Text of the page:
LG G3: $699.00

Now let's see what types of bicycles someone can buy new for about the same prices

Fuji Ace 24 youth road bike: $439.00
Mercier Kilo Track bike: $399.00 to $449.00
Motobecane Fantom CX: $469.95
Motobecane Mirage Pro: $549.00
Motobecane Boris X5 Fat bike: $599.00
Motobecane Gran Tourismo:$699.00
Motobecane Super Strada: $799.00

Some might say that they don't pay full retail price on their smartphones. How about on game consoles? Let's compare the cost between game consoles and the cost of respectably priced bicycles.

Playstation 4:$399.00
Xbox One: $349.00
Wii U: $300.00 to $360.00

Let's see what kinds of bicycles we could buy for the price of a game console

Mongoose Dolomite Fat bike: $212.00 to $250.00
Windsor Track bike: $279.00 to $299.00
Gravity Deadeye Fat bike: $299.00 to $399.00

Sometimes we might think that a good bicycle is just not affordable, however, on reviewing some of these prices we might just be prioritizing our gadgets like phones, games and tablets over our fitness. I included the Mongoose Dolomite in my comparison because although it is sold at Wal-Mart, it has been proven to be a real bang for the buck bicycle in terms of being a ridable bike and in terms of quality. In addition to the bikes listed, there are thousands of lightly used bikes sold locally and through online classifieds that are of good quality and in some cases professional quality. One just needs to know where to look.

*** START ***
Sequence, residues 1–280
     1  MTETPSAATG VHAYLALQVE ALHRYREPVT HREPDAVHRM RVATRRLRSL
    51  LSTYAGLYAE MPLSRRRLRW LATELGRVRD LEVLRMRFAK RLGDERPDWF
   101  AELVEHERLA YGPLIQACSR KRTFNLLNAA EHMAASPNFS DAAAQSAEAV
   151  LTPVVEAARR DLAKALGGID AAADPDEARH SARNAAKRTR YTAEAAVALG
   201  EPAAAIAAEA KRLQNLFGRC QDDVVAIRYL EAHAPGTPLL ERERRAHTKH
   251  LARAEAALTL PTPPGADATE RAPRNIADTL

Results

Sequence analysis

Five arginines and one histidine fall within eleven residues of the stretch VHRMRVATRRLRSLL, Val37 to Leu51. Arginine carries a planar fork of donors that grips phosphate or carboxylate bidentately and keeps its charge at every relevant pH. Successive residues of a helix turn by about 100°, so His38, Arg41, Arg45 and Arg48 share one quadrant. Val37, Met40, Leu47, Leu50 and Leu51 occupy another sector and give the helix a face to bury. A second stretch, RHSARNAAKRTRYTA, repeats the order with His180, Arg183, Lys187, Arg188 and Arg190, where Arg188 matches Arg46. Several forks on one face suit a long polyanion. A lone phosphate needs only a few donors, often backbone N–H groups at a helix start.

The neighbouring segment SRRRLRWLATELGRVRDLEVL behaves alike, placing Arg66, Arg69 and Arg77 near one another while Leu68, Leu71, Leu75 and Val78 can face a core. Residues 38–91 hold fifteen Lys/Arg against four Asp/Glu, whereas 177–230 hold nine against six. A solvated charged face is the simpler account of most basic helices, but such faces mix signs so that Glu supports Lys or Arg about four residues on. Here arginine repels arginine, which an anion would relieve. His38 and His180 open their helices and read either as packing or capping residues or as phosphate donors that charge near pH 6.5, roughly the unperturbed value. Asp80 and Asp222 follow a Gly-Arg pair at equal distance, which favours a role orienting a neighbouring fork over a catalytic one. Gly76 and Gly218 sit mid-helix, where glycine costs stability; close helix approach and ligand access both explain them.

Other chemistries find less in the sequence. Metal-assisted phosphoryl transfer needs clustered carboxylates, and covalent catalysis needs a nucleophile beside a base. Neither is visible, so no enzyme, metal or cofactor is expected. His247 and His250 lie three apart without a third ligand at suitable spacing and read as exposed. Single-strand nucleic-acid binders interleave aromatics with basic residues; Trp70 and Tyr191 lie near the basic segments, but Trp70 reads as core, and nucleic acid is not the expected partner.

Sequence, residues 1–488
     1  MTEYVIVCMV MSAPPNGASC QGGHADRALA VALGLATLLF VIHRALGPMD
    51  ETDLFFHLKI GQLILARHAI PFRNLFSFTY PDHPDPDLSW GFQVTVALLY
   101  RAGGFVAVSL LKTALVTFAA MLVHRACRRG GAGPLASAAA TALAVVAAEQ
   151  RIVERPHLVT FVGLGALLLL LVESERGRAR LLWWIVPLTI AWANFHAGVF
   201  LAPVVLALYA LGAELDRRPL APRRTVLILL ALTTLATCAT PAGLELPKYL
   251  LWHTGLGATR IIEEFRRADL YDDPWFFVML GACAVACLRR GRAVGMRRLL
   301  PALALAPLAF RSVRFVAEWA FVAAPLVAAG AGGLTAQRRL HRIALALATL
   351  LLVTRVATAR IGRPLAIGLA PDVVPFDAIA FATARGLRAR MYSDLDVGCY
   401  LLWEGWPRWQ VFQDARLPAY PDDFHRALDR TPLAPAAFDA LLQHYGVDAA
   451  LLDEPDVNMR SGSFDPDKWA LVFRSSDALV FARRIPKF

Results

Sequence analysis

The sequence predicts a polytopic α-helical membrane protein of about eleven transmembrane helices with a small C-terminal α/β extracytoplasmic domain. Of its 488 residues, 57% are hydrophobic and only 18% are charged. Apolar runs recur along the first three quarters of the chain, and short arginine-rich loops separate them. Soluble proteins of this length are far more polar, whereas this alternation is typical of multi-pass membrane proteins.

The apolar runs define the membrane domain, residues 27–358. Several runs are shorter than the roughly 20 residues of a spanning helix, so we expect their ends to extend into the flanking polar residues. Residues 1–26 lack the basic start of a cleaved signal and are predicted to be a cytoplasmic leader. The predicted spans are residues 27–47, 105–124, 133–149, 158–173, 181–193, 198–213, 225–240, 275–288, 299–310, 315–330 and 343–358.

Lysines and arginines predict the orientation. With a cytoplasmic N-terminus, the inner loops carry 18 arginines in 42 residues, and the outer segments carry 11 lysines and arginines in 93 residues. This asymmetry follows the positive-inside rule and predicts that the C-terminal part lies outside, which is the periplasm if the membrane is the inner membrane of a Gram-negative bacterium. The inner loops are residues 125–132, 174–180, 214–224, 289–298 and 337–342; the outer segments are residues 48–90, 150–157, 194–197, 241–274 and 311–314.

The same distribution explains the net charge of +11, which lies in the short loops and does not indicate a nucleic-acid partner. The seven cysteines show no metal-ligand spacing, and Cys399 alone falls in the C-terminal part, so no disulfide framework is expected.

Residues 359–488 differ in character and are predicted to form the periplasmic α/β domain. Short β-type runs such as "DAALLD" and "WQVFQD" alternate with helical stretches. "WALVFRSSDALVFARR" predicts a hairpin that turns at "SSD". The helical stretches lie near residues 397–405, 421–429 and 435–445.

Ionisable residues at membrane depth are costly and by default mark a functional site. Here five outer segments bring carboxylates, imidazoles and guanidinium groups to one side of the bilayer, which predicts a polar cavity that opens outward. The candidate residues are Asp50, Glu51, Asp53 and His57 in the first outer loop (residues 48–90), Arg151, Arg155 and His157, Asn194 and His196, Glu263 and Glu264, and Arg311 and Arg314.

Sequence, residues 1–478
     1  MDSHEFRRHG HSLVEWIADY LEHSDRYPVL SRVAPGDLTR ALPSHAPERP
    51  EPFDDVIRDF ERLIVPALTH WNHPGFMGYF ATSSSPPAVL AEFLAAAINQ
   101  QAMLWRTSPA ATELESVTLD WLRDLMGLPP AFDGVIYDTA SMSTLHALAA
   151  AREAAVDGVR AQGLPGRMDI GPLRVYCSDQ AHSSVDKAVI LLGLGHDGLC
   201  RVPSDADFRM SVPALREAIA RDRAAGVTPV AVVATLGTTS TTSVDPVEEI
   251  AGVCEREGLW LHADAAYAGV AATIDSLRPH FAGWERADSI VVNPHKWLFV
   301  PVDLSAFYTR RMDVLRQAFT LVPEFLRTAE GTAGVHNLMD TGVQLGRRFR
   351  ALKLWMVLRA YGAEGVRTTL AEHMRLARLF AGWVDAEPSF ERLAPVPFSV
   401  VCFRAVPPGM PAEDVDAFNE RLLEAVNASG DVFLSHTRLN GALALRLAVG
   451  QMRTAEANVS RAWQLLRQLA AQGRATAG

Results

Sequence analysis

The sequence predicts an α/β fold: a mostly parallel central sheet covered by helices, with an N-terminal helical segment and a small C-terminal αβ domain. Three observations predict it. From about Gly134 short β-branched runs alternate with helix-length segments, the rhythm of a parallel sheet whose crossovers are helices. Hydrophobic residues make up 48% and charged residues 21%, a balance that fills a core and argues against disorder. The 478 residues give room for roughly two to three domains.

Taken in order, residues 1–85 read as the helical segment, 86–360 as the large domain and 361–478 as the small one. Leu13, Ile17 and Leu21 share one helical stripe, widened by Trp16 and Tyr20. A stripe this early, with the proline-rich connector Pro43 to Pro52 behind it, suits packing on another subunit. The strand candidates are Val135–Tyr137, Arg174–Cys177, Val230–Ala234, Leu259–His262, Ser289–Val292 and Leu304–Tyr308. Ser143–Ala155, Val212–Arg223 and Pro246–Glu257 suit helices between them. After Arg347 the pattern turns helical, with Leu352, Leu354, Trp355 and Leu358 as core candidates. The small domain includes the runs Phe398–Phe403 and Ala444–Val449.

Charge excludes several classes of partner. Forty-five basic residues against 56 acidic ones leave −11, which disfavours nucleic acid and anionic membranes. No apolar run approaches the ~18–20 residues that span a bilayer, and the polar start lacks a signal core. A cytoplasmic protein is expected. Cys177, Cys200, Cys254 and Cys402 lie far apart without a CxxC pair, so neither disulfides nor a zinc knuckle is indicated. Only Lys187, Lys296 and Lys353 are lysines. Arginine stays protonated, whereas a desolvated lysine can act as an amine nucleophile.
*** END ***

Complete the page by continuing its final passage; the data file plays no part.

I know that what I am saying might not be enough to satisfy someone who is really talented at cycling but cannot afford the best equipment. I think those who would still like to compete but can't afford to do so in the main arena should organize themselves in their communities and hold non-sanctioned races with other low to moderately priced bicycles. There is no law forbidding people getting together for competition, and this includes cycling. There is more power in numbers, and when people get together, others will take notice and follow suit. When a large number of the overall cycling population starts competing outside the establishment, then organizations like the UCI and USA Cycling will have to take notice and start making concessions for those who they left out of their inner circles.

In conclusion, in overall terms of getting a durable bicycle, the cost of entry into cycling is attainable to most of us. It is mostly up to us to see the half glass full and take advantage of this to become good cyclists.

*Other source material for this topic can be found in the following media links.

The Guardian
The Daily Camera


  1. 'For example, there are no cycling teams in high school and no community groups that teach people about bicycle racing.'

    That's not entirely true.. http://www.texashighschoolcycling.org/clubs/member-clubs-schools/

    1. I stand corrected on this matter. It seems even in the hometown where I currently reside their are high schools with interest clubs for cycling. However there is a big difference between an after school activity that promotes cycling and a school sponsored team that provides equipment, coaching and covers the costs of fees associated with racing. This is also a very new development. There were no such clubs eleven years ago when I was in high school.

      Consider also that the Jesuit and Catholic schools listed are private schools in affluent areas. What I was referring to was more of a across the board national interest in the sport. If soccer became a school sport and is becoming ever more popular in the U.S, why not cycling?